The University Career Center describes “experiential education” to include internships, clinical sites, student teaching, cooperative education, required observation hours, or any other experience that partners with external agencies/organizations to provide students with “real-world” work experience.

Currently, UNC Charlotte does not have a centralized process or office that manages experiential education. The University Career Center reviews and accepts/denies any opportunities posted with the office – both paid and unpaid. Any experiential education opportunity requesting connection to academic credit are posted – but referred to relevant academic programs for further review.

Our Employer Operations Team is available to assist you with:

  • developing a sustainable internship program for your organization
  • consulting on internship descriptions and projects to fit with federal and state guidelines
  • marketing and operations for talent recruitment at UNC Charlotte and targeted connections with academic departments for credit requests

Cooperative Education

Most employers who hire new graduates rate related work experience as the top criterion used in selecting successful employees. If this describes your philosophy, you will benefit from becoming actively involved with the Co-op Program. This exciting relationship will help you identify and train prospective employees before they graduate.

Benefits

  • Cultivate and evaluate future professional staff members
  • Strengthen relationship with UNC Charlotte and promote your organization to students
  • Lower recruiting, training, and outsourcing costs
  • Student interns can offer a fresh perspective and new ideas to your organization
  • Demonstrate your organization's commitment to education
  • Build supervisory and mentoring skills of current staff
  • Alleviate staff workloads by allowing trained student interns to work on professional level projects
  • Past interns can serve as positive advocates of your organization upon their return to campus
  • Promotes teamwork between employees and students

What is a Co-op?

  • Paid career-related educational work opportunity to help students gain experience in a professional setting before graduating
  • Available to students in the College of Computing and Informatics, William States Lee College of Engineering, College of Liberal Arts & Sciences, and Belk College of Business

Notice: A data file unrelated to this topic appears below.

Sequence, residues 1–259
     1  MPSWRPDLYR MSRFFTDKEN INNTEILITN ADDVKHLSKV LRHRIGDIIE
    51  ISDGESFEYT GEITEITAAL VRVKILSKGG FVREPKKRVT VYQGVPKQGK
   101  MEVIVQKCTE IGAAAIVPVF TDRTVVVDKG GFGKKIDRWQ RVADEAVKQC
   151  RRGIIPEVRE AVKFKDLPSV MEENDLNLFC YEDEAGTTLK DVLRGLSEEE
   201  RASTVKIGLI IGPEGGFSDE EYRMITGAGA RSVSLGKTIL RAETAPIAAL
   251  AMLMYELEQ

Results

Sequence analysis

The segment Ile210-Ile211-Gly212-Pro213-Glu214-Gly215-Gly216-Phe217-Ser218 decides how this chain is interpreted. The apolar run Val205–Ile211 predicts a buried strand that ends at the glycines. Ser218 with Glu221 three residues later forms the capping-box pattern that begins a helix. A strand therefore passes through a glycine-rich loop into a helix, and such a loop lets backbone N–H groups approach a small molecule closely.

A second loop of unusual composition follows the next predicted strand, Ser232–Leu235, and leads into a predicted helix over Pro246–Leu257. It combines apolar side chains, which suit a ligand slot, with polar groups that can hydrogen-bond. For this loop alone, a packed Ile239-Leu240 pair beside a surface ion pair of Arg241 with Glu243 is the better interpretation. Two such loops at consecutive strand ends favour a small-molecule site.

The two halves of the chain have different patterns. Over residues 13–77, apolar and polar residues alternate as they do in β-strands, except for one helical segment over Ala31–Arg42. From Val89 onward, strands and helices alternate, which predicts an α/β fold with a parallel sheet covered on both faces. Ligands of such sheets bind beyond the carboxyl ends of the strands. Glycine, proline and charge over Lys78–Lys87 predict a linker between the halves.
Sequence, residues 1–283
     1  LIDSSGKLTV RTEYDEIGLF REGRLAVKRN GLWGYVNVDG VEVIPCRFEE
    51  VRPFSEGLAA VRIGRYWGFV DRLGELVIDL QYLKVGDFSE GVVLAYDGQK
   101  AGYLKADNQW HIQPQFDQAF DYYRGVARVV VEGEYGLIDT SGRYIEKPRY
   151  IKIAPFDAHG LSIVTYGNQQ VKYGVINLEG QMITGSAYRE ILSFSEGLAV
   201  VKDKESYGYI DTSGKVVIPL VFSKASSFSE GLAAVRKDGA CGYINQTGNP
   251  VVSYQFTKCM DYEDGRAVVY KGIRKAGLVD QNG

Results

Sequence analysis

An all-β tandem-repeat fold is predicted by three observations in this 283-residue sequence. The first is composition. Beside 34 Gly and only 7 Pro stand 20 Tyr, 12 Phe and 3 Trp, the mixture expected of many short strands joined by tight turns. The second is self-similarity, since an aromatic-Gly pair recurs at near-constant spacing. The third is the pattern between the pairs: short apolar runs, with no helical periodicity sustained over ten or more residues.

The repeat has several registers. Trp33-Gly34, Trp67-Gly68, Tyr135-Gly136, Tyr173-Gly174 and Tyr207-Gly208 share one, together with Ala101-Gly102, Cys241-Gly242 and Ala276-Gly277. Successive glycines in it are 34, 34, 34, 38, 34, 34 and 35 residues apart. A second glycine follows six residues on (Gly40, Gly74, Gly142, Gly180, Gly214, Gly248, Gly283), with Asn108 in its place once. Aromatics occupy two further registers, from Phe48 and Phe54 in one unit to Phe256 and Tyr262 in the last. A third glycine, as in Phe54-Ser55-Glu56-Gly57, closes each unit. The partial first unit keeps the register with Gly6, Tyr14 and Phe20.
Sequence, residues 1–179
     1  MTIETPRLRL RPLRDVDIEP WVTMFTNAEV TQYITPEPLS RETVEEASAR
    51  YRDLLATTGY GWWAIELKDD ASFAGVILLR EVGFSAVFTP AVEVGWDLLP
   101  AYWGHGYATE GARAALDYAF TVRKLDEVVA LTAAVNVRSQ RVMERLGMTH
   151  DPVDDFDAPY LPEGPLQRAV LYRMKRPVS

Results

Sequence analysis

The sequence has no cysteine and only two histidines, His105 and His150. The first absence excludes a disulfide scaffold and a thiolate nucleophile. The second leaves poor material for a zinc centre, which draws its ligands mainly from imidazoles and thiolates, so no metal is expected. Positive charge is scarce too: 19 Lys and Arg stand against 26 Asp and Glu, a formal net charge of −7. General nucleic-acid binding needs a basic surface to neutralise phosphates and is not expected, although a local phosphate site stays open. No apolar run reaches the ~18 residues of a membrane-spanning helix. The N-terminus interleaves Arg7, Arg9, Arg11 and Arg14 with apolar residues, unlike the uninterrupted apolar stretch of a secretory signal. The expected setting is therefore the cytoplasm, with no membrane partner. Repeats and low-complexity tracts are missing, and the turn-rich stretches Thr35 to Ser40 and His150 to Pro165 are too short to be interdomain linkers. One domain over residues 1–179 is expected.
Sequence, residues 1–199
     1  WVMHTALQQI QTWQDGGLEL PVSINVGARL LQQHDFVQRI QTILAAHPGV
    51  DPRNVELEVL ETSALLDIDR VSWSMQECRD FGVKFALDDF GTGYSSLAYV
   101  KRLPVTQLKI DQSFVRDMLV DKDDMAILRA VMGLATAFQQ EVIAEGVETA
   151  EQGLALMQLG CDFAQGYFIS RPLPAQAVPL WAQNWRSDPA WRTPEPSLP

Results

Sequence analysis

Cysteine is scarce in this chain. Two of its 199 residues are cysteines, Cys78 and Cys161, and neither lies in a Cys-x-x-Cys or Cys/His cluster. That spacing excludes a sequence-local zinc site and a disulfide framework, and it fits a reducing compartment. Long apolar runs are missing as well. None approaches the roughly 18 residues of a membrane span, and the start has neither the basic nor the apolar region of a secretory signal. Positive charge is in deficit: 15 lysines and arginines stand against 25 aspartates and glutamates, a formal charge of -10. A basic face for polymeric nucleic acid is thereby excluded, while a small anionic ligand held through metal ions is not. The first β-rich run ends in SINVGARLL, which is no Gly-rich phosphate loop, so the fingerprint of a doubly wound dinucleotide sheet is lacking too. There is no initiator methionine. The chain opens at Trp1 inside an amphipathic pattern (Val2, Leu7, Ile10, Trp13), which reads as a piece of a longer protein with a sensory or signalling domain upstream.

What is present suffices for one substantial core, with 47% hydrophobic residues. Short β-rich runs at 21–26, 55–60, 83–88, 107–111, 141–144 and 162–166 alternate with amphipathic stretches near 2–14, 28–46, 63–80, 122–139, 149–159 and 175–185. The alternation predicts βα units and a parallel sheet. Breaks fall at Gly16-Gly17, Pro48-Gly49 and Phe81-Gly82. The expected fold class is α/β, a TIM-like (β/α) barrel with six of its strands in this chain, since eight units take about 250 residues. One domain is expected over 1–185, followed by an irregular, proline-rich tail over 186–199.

• Students may work 3 alternating full-time semesters of work with full-time semesters of school, 2 back-to-back full-time semesters of work, or 3 parallel part-time semesters of work with part-time semesters of school
    • College of Engineering students must commit to complete 3 alternating semesters
    • Engineering students may earn 1 complete year towards their professional license after completing three semesters of co-op and an accompanying co-op seminar
    • Computing and Informatics students need only 2 alternating semesters
    • Back-to-back schedules are NOT allowed for Computing and Informatics students
  • Students are enrolled in a zero-credit transcript notation course each semester they work in order to maintain their full-time status with the University.
  • Students in select colleges will complete a 1 credit co-op seminar follow-up course each semester they return to school

Program Requirements

  • Student eligibility: undergraduate student only; must be enrolled full-time, completed freshman level courses, and have a minimum GPA of at least 2.5
  • Students must meet with their on-campus faculty advisor to plan out their co-op work and class rotation schedule before starting work
  • Both students and employers submit a program evaluation at the end of each work semester. Evaluations are sent by email near the end of each semester.

Post a Co-op

Hire-A-Niner

Definition of internship according to NACE

“An internship is a form of experiential learning that integrates knowledge and theory learned in the classroom with practical application and skills development in a professional setting. Internships give students the opportunity to gain valuable applied experience and make connections in professional fields they are considering for career paths; and give employers the opportunity to guide and evaluate talent.”